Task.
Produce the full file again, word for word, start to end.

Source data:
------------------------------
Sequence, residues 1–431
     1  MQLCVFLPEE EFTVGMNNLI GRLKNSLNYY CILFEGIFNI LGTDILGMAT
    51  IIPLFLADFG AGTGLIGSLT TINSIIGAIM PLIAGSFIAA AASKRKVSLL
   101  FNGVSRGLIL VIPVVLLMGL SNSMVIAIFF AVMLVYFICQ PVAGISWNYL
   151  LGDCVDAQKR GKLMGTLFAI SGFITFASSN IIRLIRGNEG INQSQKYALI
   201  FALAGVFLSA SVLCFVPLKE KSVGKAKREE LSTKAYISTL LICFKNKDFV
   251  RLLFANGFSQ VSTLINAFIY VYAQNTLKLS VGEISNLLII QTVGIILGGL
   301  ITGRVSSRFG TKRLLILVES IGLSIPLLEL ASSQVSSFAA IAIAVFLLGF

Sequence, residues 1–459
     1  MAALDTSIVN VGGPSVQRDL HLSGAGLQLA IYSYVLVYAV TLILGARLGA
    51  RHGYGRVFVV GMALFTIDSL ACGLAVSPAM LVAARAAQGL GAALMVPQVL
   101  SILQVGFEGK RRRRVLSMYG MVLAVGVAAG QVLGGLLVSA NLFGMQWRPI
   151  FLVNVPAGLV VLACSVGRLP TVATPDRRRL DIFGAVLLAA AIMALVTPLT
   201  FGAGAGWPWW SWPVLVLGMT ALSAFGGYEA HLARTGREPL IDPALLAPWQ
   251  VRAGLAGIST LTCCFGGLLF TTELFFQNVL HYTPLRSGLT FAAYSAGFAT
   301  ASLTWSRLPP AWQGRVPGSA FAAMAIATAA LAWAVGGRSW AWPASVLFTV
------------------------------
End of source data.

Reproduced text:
Sequence, residues 1–431
     1  MQLCVFLPEE EFTVGMNNLI GRLKNSLNYY CILFEGIFNI LGTDILGMAT
    51  IIPLFLADFG AGTGLIGSLT TINSIIGAIM PLIAGSFIAA AASKRKVSLL
   101  FNGVSRGLIL VIPVVLLMGL SNSMVIAIFF AVMLVYFICQ PVAGISWNYL
   151  LGDCVDAQKR GKLMGTLFAI SGFITFASSN IIRLIRGNEG INQSQKYALI
   201  FALAGVFLSA SVLCFVPLKE KSVGKAKREE LSTKAYISTL LICFKNKDFV
   251  RLLFANGFSQ VSTLINAFIY VYAQNTLKLS VGEISNLLII QTVGIILGGL
   301  ITGRVSSRFG TKRLLILVES IGLSIPLLEL ASSQVSSFAA IAIAVFLLGF

Sequence, residues 1–459
     1  MAALDTSIVN VGGPSVQRDL HLSGAGLQLA IYSYVLVYAV TLILGARLGA
    51  RHGYGRVFVV GMALFTIDSL ACGLAVSPAM LVAARAAQGL GAALMVPQVL
   101  SILQVGFEGK RRRRVLSMYG MVLAVGVAAG QVLGGLLVSA NLFGMQWRPI
   151  FLVNVPAGLV VLACSVGRLP TVATPDRRRL DIFGAVLLAA AIMALVTPLT
   201  FGAGAGWPWW SWPVLVLGMT ALSAFGGYEA HLARTGREPL IDPALLAPWQ
   251  VRAGLAGIST LTCCFGGLLF TTELFFQNVL HYTPLRSGLT FAAYSAGFAT
   301  ASLTWSRLPP AWQGRVPGSA FAAMAIATAA LAWAVGGRSW AWPASVLFTV